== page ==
The Hedgehog Review

The Hedgehog Review: Vol. 16 No. 3 (Fall 2014)

A New Approach to Poverty

James Mumford

Reprinted from The Hedgehog Review 16.3 (Fall 2014). This essay may not be resold, reprinted, or redistributed for compensation of any kind without prior written permission. Please contact The Hedgehog Review for further details.

The Hedgehog Review

The Hedgehog Review: Fall 2014

(Volume 16 | Issue 3)

At the end of last July, Representative Paul Ryan of Wisconsin, more widely known as the 2012 Republican vice-presidential nominee, unveiled a sweeping set of policy proposals to tackle poverty in America. But in a summer with so many crises around the world and at home—Islamic State militants on the move in Iraq, a jetliner shot out of the sky over strife-torn Ukraine, Israel battling Hamas in Gaza, Ebola spreading through west Africa, and a crisis on the Texas border, to name just few—Americans had little time to think of matters beyond the horrific headlines.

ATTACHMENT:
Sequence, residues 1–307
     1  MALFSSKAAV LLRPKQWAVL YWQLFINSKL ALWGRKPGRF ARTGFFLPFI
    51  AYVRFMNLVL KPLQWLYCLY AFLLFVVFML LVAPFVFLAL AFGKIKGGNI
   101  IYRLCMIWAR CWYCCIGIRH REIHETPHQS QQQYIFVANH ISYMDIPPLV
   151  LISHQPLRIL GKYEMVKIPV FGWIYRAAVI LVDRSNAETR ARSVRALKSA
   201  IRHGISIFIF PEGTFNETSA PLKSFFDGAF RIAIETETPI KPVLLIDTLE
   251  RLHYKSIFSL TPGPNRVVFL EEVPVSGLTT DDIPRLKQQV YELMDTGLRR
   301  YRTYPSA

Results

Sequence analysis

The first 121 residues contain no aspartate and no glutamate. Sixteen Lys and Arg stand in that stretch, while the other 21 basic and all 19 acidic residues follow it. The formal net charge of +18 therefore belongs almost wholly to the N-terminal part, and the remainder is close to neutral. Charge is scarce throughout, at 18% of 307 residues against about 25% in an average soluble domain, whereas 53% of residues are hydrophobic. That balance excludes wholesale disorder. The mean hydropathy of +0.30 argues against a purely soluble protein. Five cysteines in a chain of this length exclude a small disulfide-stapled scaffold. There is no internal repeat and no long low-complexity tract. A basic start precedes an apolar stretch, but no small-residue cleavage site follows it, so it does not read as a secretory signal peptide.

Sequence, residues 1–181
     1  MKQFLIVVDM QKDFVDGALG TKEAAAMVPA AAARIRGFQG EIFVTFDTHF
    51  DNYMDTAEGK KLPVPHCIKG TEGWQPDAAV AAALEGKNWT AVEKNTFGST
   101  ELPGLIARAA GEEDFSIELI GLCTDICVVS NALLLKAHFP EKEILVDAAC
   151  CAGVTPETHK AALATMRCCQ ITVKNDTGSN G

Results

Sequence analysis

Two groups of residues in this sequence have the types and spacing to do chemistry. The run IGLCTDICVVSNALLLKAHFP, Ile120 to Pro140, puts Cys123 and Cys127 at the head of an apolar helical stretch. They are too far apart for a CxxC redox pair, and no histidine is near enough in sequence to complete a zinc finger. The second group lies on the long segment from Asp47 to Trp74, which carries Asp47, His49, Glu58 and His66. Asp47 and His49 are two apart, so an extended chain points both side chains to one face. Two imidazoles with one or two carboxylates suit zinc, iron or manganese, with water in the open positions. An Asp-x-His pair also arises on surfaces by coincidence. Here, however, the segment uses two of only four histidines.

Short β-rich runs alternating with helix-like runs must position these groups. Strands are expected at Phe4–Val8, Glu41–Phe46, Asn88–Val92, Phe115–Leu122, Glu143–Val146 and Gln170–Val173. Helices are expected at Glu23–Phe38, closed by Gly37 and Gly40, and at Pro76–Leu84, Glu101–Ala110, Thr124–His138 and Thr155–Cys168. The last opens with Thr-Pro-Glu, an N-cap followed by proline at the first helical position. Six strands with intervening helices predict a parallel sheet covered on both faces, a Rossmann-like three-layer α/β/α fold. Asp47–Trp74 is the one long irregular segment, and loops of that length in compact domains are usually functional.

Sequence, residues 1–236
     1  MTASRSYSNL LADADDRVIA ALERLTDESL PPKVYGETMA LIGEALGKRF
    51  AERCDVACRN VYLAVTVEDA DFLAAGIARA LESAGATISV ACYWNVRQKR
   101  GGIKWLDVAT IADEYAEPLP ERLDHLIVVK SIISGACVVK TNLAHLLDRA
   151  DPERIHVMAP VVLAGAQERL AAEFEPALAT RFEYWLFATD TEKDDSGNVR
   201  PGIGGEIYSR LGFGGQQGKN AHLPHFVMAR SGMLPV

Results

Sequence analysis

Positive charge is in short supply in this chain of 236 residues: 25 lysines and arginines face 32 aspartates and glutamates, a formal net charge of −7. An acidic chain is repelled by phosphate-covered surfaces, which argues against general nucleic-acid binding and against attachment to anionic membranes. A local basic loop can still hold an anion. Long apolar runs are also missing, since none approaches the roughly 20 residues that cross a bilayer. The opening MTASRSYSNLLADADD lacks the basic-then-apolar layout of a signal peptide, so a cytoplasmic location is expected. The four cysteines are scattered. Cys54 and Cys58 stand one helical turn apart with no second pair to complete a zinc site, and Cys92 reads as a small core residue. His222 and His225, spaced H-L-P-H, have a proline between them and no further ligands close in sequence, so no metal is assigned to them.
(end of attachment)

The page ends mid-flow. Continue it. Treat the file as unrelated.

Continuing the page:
As the poet Philip Larkin said, “sun destroys the interest of what’s going on in the shade.” And what’s going on in the shade is that Ryan has proposed a plan to tackle poverty that isn’t just about cutting the welfare bill. Why is that of interest?

James Mumford

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Published three times a year by the Institute for Advanced Studies in Culture, The Hedgehog Review offers critical reflections on contemporary culture—how we shape it, and how it shapes us.

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